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7 Responses to “Making Babies & Making Love”

  1. Laurie Bestvater says:

    Thank you Mike, for bringing the ideas driving a mechanistic, behaviourist education to the fore. I am involved in recovering the work of one such British “mentor,” named Charlotte Mason, who fought the factory model and the child as a machine by building a whole wonderful pedagogy based on this radical idea that a child is a person! Visit our website, for more info. We feel the time is ripe to reassert this type of education that offers the educational equivalent to a banquet as opposed to a vitamin pill. A collegue has dubbed it “the slow food” model of eduction. I am afraid that often,even Christian schools need to hear that we ought not to be about producing workers for systems managed by “science” but we deal with full human beings who relate and learn, less than efficiently, but in the image of their Maker. I always enjoy your posts and share them often. Thank you for the great analysis.

  2. Mike Metzger says:

    And thank you, Laurie, for attempting to reshape an institution that fundamentally shapes people and society. I like the idea of “slow food” model of education. If we look in the rear view mirror, as we get older, we recognize that any wisdom that accrued to our character account came from mentors, rather than a factory boss.

    Good words – keep pressing into this challenge.

  3. Dave Thom says:

    Outstanding brother.

  4. David Greusel says:

    Outstanding commentary, Mike! I have been on a campaign against efficiency for some time (probably since I first heard you mention what you thought were the most discernable qualities of modern parachurch organizations). Watch the Comment website ( for a complementary point of view about architectural training.

  5. Mike Metzger says:

    To those of us in the Blogger Universe: For what it’s worth, David Greusel is someone who embodies this idea of mentoring and worth paying attention to. He’s featured in the most recent Comment magazine… plus, you can check him out at the website address he lists. Rome wasn’t built in a day, and modern management won’t be disassembled in a decade. But I’d be curious about your thoughts, David, as to the kind of built environment in a corporate setting that would promote mentoring.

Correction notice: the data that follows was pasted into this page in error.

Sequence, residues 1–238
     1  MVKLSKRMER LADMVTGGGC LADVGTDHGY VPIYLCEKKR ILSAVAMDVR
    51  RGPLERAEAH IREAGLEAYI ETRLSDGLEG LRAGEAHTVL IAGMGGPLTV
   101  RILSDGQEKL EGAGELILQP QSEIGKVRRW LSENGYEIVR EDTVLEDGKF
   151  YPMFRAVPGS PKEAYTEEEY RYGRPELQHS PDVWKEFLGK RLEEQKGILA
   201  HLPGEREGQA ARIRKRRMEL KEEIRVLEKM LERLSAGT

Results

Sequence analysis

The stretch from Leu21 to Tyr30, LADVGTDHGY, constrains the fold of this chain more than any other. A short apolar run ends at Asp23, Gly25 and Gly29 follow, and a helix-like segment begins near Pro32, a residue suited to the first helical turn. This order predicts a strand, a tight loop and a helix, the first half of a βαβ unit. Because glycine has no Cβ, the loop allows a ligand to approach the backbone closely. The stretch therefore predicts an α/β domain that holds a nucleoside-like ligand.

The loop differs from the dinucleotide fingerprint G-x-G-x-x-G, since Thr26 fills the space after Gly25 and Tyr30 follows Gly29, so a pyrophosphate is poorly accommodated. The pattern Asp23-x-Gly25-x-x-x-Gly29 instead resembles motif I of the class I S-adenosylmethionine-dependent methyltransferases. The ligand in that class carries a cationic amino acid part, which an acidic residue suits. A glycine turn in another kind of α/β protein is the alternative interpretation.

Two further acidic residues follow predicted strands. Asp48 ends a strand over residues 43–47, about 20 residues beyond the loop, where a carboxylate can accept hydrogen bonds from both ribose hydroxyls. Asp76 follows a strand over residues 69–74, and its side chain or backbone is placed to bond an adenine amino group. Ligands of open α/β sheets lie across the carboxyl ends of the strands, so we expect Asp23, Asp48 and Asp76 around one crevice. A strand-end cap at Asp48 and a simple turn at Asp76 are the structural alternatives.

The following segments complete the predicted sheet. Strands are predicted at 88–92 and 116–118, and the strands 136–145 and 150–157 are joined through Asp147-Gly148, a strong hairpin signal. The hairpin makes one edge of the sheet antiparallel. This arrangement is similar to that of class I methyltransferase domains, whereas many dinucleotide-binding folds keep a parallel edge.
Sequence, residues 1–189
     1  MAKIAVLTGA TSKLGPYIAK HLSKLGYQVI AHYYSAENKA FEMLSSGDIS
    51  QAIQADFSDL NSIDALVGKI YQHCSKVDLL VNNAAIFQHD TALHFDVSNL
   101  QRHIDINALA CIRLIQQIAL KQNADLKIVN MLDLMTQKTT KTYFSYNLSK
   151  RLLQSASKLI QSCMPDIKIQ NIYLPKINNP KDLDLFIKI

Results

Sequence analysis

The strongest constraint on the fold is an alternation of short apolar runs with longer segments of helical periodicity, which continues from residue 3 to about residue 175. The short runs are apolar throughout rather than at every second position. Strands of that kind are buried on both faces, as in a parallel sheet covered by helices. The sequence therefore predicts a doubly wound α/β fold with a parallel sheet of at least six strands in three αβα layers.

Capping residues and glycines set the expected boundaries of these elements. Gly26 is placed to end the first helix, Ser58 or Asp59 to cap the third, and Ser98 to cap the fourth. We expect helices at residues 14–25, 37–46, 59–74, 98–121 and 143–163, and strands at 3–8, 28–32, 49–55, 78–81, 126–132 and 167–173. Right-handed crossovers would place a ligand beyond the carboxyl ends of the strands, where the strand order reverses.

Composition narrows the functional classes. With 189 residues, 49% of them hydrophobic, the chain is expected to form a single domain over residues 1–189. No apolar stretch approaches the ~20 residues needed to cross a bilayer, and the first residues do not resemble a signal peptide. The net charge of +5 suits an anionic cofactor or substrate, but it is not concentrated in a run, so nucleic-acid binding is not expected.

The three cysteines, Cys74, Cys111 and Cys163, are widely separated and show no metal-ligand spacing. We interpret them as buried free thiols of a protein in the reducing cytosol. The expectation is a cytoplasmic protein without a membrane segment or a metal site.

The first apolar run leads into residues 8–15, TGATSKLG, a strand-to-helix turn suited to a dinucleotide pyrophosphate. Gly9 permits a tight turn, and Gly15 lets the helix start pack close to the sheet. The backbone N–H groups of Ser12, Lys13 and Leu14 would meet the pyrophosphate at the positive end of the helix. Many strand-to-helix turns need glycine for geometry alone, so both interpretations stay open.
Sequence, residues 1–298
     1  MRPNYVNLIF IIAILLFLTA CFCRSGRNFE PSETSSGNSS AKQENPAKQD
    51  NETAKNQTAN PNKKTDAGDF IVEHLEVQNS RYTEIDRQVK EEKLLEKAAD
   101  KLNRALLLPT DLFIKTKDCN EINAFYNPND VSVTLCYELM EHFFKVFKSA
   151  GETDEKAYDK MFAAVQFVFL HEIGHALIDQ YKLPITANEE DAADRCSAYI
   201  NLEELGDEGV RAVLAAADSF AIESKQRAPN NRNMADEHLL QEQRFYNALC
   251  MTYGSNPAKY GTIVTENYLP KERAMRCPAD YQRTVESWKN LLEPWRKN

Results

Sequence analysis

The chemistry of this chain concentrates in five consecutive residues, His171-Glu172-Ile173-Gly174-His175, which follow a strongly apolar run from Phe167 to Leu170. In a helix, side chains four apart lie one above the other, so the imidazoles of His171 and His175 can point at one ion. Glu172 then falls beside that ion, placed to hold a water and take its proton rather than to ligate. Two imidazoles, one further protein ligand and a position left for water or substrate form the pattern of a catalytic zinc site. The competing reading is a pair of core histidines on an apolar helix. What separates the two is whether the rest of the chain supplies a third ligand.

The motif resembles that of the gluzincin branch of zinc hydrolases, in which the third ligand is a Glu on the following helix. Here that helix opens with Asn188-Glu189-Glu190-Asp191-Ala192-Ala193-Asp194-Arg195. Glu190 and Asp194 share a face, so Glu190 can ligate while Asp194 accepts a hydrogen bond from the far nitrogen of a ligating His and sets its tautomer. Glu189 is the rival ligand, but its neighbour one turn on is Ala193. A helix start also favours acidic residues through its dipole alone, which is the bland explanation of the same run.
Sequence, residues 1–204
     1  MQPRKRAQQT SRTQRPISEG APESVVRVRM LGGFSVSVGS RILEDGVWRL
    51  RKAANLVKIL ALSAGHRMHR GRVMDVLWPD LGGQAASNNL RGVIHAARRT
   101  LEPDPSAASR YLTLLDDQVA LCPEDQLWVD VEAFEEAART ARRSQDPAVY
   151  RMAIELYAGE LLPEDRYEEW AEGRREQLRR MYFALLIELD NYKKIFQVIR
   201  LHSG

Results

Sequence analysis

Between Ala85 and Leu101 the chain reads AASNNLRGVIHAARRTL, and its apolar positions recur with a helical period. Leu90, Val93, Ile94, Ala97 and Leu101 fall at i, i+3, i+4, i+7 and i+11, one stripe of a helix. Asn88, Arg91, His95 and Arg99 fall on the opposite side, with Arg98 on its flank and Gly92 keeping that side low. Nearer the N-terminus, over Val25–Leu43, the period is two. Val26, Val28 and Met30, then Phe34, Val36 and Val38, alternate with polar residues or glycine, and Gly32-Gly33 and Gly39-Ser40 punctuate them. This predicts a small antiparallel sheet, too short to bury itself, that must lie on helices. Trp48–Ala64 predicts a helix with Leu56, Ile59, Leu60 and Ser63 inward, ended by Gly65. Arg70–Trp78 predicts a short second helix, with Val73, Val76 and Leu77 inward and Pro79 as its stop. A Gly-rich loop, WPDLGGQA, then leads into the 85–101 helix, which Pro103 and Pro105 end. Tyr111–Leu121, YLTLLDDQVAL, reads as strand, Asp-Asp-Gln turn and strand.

6. Brian D. Clark says:

    Mike, The trouble with people is that we usually don’t live long enough to notice these changes happening, or we are too busy to pay attention. That, of course would be the result of being “managed”, eh? Even the word “business” …only years after learning to spell it did I get the irony of business/busyness. I think the sign of the times is this: Once upon a time we would have gone to the Personnel Office for help getting a job or dealing with workplace issues. Now we go to “Human Resources” as though we are coal to be strip mined as cheaply as possible, with “HR” now there to help the company avoid costly legal entanglements managing the masses. Moo.

  7. Jack Hafer says:

    So who is writing about an alternative form of education? How can we get a mentoring system going again? Thanks for your thoughts and research.

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